export CPPFLAGS="-I<path_to_header_file> -I<path_to_another_one>"
before you run configure.

* If the check for gimpprint fails even though you have version 4.2.x
  installed, please try the latest available 4.2 package (which is
  gimp-print 4.2.7 at the time of this writing).


      Generic Instructions for Building Auto-Configured Packages
      ==========================================================


To compile this package:

1.  Configure the package for your system.  In the directory that this
file is in, type `./configure'.  If you're using `csh' on an old
version of System V, you might need to type `sh configure' instead to
prevent `csh' from trying to execute `configure' itself.

The `configure' shell script attempts to guess correct values for
various system-dependent variables used during compilation, and
creates the Makefile(s) (one in each subdirectory of the source
directory).  In some packages it creates a C header file containing
system-dependent definitions.  It also creates a file `config.status'
that you can run in the future to recreate the current configuration.
Running `configure' takes a minute or two.

To compile the package in a different directory from the one
containing the source code, you must use GNU make.  `cd' to the
directory where you want the object files and executables to go and
run `configure' with the option `--srcdir=DIR', where DIR is the
directory that contains the source code.  Using this option is
actually unnecessary if the source code is in the parent directory of
the one in which you are compiling; `configure' automatically checks
for the source code in `..' if it does not find it in the current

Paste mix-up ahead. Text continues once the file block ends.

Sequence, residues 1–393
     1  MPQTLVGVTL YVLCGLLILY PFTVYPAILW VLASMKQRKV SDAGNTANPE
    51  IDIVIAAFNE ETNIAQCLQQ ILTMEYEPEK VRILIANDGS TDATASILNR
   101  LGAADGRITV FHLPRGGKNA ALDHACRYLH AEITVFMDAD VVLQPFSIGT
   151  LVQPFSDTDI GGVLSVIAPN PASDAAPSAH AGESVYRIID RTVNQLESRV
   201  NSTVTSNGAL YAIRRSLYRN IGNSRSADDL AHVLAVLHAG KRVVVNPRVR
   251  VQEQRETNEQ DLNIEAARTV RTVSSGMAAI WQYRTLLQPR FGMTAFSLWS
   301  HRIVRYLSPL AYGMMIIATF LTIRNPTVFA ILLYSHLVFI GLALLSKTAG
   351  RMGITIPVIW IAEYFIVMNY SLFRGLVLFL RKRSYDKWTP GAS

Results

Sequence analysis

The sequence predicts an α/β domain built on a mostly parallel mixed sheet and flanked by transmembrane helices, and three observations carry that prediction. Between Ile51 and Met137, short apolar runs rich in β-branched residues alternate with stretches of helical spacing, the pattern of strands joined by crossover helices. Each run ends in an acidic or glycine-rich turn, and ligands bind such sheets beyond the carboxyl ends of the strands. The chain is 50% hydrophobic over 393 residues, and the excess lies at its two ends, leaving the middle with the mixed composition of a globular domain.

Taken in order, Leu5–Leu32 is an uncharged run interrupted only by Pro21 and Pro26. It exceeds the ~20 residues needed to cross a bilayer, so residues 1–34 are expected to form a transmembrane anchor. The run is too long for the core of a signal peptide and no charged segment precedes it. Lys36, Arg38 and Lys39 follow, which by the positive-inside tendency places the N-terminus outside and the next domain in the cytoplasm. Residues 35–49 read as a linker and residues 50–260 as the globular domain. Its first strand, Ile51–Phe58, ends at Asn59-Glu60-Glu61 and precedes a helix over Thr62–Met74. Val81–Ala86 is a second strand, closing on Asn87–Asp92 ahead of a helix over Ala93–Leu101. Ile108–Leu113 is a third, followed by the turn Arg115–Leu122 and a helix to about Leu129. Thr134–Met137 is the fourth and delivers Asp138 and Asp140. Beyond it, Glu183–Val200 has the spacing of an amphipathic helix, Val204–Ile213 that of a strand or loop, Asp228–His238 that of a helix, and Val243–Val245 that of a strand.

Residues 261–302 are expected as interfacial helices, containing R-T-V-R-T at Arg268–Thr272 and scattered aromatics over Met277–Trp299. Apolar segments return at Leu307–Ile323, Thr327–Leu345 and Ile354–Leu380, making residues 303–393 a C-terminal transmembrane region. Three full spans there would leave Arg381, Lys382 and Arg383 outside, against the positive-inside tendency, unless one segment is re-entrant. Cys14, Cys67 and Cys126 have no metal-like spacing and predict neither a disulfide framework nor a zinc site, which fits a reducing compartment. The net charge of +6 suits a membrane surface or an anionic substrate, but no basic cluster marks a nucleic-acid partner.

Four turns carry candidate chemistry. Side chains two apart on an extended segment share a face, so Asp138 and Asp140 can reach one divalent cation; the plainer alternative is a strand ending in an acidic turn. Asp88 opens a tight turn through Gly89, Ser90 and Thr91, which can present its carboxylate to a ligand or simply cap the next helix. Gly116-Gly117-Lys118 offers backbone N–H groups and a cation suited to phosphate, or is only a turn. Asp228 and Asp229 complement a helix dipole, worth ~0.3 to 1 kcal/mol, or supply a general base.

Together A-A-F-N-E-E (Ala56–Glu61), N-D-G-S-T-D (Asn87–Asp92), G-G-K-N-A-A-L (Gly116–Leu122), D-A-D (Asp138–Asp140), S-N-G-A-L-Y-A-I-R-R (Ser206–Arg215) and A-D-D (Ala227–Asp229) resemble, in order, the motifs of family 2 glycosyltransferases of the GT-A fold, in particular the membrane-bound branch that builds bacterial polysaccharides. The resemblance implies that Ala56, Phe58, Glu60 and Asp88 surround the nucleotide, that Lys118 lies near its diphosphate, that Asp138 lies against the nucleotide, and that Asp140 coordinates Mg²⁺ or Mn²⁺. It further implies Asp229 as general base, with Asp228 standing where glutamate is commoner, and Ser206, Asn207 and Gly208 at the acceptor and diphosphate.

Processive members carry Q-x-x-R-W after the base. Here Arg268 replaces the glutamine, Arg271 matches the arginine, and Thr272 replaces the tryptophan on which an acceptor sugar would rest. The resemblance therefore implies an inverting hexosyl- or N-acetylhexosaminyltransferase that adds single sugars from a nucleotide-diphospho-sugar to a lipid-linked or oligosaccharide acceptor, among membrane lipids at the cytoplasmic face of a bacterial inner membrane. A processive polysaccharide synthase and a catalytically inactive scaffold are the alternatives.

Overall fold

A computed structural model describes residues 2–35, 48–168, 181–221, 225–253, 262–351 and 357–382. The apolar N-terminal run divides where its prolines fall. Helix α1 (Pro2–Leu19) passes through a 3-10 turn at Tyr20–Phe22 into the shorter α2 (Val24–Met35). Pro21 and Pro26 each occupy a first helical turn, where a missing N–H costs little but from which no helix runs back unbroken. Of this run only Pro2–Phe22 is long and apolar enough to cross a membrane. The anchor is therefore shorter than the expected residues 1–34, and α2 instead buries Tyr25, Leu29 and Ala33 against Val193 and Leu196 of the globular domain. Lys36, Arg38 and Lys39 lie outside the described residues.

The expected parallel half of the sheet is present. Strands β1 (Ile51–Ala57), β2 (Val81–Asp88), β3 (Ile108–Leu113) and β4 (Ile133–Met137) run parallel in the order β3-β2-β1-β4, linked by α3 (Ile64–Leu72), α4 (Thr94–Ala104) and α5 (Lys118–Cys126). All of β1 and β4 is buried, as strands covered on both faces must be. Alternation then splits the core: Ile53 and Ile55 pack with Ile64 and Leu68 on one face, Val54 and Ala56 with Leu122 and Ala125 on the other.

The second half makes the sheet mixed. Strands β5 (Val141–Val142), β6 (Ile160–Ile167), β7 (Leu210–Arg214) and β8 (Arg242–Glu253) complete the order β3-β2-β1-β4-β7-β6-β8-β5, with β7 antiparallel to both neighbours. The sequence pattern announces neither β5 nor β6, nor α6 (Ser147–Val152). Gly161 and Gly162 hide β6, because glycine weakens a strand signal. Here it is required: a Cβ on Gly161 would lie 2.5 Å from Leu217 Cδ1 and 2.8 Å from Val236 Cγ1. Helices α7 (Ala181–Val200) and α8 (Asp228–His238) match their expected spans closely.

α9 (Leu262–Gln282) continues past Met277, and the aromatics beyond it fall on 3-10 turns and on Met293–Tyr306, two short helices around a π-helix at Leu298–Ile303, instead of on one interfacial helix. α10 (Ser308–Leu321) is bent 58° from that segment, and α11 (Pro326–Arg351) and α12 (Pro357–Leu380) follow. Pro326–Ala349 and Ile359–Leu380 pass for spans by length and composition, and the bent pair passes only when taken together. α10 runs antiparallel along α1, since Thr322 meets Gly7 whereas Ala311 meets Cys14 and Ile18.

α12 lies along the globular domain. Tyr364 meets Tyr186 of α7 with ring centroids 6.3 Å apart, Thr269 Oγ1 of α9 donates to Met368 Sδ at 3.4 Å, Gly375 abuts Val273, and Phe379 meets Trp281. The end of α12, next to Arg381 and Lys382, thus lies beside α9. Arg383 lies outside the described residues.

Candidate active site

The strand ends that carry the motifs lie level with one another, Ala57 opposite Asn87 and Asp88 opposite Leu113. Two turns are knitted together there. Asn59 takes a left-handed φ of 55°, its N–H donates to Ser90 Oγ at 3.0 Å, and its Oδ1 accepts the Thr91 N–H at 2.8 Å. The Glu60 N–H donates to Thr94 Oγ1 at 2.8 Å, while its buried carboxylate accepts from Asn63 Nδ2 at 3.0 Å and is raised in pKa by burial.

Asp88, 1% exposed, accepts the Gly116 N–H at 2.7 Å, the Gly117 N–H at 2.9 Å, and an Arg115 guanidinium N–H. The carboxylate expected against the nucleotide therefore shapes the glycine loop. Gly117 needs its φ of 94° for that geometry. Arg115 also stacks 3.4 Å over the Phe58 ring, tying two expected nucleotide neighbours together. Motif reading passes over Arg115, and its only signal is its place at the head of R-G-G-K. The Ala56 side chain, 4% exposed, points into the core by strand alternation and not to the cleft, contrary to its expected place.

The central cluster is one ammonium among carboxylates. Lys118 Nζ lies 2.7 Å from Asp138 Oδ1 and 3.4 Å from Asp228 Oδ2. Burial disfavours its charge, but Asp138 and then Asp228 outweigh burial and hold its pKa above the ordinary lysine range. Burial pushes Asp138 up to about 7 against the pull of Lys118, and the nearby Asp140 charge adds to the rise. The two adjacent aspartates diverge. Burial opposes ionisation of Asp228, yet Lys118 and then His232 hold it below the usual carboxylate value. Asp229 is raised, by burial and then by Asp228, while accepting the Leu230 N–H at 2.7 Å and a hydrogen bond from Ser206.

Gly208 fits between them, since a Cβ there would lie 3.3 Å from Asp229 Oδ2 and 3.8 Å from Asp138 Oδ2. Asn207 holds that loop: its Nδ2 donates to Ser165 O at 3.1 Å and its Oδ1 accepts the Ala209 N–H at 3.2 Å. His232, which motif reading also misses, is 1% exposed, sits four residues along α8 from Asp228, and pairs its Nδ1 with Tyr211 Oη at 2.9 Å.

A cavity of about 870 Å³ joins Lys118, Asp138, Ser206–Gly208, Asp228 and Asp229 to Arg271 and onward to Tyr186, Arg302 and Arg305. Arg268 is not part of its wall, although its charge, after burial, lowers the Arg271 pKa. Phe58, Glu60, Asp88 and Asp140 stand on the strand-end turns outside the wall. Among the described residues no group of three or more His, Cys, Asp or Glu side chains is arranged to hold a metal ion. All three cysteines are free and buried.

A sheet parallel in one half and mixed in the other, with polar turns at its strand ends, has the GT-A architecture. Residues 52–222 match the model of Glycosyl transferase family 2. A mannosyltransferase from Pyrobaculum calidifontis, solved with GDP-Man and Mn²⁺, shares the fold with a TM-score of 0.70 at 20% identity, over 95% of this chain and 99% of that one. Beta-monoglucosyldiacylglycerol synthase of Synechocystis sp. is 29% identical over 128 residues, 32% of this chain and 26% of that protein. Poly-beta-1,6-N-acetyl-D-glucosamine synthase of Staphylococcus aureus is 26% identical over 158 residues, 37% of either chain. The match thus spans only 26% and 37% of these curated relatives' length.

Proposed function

directory.

By default, `make install' will install the package's files in
/usr/local/bin, /usr/local/lib, /usr/local/man, etc.  You can specify
an installation prefix other than /usr/local by giving `configure' the
option `--prefix=PATH'.

You can specify separate installation prefixes for machine-specific
files and machine-independent files.  If you give `configure' the
option `--exec-prefix=PATH', the package will use PATH as the prefix
for installing programs and libraries.  Normally, all files are
installed using the same prefix.

`configure' ignores any other arguments that you give it.

If your system requires unusual options for compilation or linking
that `configure' doesn't know about, you can give `configure' initial
values for some variables by setting them in the environment.  In
Bourne-compatible shells, you can do that on the command line like
this:
        CC='gcc -traditional' DEFS=-D_POSIX_SOURCE ./configure

The `make' variables that you might want to override with environment
variables when running `configure' are:

(For these variables, any value given in the environment overrides the
value that `configure' would choose:)
CC              C compiler program.
                Default is `cc', or `gcc' if `gcc' is in your PATH.
INSTALL         Program to use to install files.
                Default is `install' if you have it, `cp' otherwise.
INCLUDEDIR      Directory for `configure' to search for include files.
                Default is /usr/include.

(For these variables, any value given in the environment is added to
the value that `configure' chooses:)
DEFS            Configuration options, in the form '-Dfoo -Dbar ...'
LIBS            Libraries to link with, in the form '-lfoo -lbar ...'

If you need to do unusual things to compile the package, we encourage
you to teach `configure' how to do them and mail the diffs to the
address given in the README so we can include them in the next
release.

2.  Type `make' to compile the package.

3.  Type `make install' to install programs, data files, and
documentation.

4.  You can remove the program binaries and object files from the
source directory by typing `make clean'.  To also remove the
Makefile(s), the header file containing system-dependent definitions
(if the package uses one), and `config.status' (all the files that
`configure' created), type `make distclean'.

The file `configure.in' is used as a template to create `configure' by
a program called `autoconf'.  You will only need it if you want to
regenerate `configure' using a newer version of `autoconf'.